T1, Bike, T2- 21k

34:38 (Garmin – chip still not working)

Got out of the wetsuit just fine. Feet frozen as soon as they hit the cold grass. I had thought hard about doing a shoeless mount on the bike, but knew it would be really difficult with frozen feet, so I threw on the shoes and ran out and still achieved a quick mount. Once on the 3-lap Fiesta course, I dropped into aero and got comfortable. I was merging into the collegiate men’s and women’s athletes already on the course. The longer into the bike I got, the more crowded it got, with competitors basically in two categories: slow and unsteady newer athletes, and then fast guys taking advantage of the lack of officiating and working with small draft groups of 2 or 3 guys.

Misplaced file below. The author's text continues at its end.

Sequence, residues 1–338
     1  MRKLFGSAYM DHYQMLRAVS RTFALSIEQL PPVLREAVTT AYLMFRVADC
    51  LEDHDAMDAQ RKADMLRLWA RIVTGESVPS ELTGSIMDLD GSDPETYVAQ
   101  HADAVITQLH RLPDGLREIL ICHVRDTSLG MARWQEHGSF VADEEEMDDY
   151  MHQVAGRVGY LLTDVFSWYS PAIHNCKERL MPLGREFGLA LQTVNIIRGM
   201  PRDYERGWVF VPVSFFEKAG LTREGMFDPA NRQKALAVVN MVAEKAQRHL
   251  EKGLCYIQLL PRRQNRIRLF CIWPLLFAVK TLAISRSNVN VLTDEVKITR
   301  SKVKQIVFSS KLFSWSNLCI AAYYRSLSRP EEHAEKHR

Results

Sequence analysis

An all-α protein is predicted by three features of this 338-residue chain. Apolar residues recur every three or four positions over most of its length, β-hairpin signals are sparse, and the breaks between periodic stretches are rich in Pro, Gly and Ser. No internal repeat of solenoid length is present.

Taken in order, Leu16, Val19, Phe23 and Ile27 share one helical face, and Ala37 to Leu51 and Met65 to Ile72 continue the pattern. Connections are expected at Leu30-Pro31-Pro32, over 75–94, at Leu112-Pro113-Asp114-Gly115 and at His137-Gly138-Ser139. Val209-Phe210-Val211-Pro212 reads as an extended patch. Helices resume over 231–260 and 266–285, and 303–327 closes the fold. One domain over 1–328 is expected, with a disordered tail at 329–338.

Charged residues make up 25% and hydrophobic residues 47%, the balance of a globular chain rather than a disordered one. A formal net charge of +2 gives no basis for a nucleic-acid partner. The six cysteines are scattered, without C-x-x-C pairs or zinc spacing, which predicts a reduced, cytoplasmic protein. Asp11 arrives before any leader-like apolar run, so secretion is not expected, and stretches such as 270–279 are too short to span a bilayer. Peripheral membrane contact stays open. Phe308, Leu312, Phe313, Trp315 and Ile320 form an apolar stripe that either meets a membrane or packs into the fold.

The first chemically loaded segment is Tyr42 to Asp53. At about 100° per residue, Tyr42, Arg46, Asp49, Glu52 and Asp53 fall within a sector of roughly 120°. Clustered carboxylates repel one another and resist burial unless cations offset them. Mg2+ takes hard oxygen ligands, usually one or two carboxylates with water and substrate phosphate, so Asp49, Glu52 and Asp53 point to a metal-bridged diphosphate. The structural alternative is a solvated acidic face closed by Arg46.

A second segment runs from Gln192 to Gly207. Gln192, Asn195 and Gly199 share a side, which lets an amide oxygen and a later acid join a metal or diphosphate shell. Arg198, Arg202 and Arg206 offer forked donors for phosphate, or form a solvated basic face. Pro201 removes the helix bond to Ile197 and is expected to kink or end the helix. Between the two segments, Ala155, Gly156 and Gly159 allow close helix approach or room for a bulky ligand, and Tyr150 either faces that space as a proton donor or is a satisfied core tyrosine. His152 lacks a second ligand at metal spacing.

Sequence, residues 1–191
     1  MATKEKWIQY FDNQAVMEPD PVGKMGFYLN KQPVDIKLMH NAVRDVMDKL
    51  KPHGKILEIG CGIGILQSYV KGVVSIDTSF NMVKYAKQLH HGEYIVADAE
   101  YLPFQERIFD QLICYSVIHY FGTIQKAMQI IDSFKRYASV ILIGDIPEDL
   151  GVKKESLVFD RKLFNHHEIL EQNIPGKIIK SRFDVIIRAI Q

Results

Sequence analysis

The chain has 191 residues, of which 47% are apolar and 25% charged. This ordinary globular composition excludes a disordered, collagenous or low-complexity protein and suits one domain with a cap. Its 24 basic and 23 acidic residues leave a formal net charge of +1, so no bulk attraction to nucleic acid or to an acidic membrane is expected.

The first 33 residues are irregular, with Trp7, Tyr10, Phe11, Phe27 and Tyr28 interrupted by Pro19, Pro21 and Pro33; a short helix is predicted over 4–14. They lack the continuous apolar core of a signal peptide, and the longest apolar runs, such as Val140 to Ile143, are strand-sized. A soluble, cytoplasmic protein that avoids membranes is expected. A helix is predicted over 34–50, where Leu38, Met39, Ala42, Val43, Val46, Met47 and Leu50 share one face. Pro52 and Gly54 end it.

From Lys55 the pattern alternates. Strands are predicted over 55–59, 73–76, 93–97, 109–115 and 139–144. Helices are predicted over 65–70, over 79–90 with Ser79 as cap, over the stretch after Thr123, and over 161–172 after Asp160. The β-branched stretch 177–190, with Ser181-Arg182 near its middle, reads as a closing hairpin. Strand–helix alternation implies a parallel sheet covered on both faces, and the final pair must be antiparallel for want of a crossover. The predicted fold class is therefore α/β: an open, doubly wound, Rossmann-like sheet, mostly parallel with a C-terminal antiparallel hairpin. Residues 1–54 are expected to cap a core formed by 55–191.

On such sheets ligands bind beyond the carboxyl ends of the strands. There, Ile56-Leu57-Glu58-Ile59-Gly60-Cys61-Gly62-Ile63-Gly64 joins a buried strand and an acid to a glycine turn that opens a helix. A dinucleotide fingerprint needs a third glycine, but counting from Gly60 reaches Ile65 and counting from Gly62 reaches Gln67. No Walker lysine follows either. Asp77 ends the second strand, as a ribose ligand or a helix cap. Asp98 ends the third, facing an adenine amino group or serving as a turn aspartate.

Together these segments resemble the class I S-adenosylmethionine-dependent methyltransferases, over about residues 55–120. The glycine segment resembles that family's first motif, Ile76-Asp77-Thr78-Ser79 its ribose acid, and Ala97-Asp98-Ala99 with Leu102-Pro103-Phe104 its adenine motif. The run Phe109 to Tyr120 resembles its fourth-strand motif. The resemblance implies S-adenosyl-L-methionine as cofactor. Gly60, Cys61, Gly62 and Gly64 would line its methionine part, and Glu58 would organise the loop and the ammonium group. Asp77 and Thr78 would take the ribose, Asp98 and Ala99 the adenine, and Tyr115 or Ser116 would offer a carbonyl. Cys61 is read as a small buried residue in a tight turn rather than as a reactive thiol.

There was relatively low wind for the course, which was nice, so I stayed somewhere between 22 and 27mph most of the time with a 95ish cadence. Cycling computer had average at 23.9mph. I think I can push a little harder on the bike to still not blow up on the run, so I’ll need to test a little bit in training. I took in 20oz of Cytomax on the bike pretty quickly, which is typically my goal for a sprint race.

Fast shoeless dismount (way easier than the mount), but my feet were still blocks of ice despite the foot warmers. I racked the bike and threw off helmet and glasses, but had some trouble getting my numb feet into the shoes. I had left a spare Gu next to my shoes, so grabbed it and took off running.

Run – 5k

17:45* (timing chip finally worked)